Saturday, July 18, 2015

Book Review: Go Set A Watchman – Harper Lee

This week Harper Lee’s ‘Go Set A Watchman’ was released, which is the much-anticipated companion to her best-selling novel ‘To Kill A Mockingbird’. Reactions have been mixed: some reviewers have claimed it is an even better novel, or at least more complex, than ‘Mockingbird’, while other reviewers have labelled it disappointing.

For me it is not as good as ‘Mockingbird’, although if you are looking for something to read you could do worse. In ‘Watchman’, the heroine of ‘Mockingbird’, Jean Louise (Scout), returns to her hometown after twenty years away, and discovers that her father Atticus is a bigot who opposes the integration of black and white Americans. As a plot, I didn’t find it nearly as engaging as the ‘black man accused of raping a white woman’ court case plot of the first book. (Though I should admit that I haven’t read ‘Mockingbird’ for about twenty years, so my recollection of it is definitely hazy.)

The main characters are also less engaging as well. Scout’s brother Jem – an important offsider in ‘Mockingbird’ – has died. Scout’s character is possibly more filled out, though it means that to some extent her character comes to dominate the novel in a way it didn’t in ‘Mockingbird’, in which I recall her being as much an observer of the events around her. And Atticus … Atticus’ character – the man who defended the accused black man in ‘Mockingbird’ – seems so changed that it feels like a different character. No-one who reads ‘Watchman’ will be able to think of ‘Mockingbird’, or the movie that was made of the book, in the same way again.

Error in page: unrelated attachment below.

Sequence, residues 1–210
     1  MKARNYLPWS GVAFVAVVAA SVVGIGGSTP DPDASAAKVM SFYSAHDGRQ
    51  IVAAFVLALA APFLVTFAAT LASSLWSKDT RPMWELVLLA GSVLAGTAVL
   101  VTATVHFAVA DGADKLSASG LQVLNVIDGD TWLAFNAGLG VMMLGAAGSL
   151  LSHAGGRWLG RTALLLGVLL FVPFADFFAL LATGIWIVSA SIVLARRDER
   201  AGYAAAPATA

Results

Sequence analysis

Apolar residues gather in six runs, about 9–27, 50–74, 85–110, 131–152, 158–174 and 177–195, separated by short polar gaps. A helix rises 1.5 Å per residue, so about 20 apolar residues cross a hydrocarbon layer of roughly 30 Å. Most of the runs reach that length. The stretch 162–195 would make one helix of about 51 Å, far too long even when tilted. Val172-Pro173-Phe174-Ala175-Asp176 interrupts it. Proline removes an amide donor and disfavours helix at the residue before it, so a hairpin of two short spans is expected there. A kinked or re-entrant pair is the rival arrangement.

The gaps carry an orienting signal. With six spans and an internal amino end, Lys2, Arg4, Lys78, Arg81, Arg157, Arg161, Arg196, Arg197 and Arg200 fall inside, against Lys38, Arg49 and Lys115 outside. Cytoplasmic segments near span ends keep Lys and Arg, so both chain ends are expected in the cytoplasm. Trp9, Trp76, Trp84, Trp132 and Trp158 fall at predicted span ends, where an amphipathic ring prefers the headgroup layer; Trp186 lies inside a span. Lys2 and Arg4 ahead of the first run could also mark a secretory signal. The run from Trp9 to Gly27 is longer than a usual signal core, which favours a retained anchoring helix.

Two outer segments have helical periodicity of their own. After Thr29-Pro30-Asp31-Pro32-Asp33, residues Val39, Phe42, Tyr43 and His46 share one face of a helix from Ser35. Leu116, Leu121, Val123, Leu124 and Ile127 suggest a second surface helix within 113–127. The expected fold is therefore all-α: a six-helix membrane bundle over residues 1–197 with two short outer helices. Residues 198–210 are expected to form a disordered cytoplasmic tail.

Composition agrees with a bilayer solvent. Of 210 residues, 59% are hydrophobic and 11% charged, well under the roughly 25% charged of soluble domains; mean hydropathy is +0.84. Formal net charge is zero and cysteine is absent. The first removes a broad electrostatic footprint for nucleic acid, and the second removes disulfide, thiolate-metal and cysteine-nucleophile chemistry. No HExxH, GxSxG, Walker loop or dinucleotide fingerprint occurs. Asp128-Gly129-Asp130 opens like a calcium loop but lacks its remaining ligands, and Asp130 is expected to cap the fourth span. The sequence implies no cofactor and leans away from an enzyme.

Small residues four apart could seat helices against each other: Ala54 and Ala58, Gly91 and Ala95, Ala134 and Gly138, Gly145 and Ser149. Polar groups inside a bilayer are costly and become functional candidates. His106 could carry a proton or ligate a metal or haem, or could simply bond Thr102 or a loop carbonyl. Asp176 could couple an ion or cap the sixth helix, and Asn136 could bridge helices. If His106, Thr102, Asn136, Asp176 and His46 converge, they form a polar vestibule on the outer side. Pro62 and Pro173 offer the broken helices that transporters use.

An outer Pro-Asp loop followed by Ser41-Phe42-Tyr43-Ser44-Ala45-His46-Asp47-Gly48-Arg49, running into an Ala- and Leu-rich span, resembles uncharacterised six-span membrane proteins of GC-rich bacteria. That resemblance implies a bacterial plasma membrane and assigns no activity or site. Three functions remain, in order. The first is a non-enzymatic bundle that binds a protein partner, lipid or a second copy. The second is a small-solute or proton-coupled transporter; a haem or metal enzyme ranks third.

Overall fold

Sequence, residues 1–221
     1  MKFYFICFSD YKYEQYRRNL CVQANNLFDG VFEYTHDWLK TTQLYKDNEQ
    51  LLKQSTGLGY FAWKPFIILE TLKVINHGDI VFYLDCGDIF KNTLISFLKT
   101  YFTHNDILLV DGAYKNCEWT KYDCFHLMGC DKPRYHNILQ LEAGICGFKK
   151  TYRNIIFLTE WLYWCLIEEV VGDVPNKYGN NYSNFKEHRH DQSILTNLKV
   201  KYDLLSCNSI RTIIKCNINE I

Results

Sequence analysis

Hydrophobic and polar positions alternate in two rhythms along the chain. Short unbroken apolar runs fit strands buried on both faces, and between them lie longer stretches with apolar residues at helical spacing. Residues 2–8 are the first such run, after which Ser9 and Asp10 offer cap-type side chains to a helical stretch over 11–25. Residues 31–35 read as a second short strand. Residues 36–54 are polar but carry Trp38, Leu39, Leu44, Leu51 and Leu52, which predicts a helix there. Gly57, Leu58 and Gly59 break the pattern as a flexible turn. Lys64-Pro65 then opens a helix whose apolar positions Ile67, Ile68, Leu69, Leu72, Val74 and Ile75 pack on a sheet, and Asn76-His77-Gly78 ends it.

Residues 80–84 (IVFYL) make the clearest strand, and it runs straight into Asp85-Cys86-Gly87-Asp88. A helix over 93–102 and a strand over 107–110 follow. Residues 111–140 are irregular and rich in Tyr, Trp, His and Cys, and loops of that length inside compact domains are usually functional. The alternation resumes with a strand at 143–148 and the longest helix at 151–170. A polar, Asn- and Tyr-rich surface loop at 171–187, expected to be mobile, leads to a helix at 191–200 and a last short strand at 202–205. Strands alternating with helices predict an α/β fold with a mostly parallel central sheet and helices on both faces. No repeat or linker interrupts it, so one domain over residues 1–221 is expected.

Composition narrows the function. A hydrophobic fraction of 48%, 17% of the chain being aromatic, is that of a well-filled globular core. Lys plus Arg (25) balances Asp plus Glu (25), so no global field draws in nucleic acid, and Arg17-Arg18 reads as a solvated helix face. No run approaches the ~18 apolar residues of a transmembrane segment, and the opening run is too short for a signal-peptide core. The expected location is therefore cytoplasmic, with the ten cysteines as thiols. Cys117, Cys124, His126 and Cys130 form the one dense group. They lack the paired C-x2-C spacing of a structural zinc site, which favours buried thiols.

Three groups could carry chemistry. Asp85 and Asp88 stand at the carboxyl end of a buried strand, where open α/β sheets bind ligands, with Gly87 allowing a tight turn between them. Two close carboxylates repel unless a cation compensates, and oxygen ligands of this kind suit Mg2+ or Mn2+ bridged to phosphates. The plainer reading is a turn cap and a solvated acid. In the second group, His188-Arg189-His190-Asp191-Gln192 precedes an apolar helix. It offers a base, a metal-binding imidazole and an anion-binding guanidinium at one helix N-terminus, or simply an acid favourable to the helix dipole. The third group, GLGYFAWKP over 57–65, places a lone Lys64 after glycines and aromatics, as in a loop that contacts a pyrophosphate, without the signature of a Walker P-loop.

Almost as disturbing for me though as the change in Atticus’ character is a line said by Jean Louise as she argues with her father about his bigotry. “Your ends my well be right–I think I believe in the same ends …’ she says. What does this mean? Does she also think that blacks and whites should not be fully integrated? Perhaps I have misinterpreted the comment. But if not it seems to cast a disturbing shade upon the whole enterprise of ‘Mockingbird’, which has for years been seen as one of the best and most definite denouncements of racial prejudice ever written.

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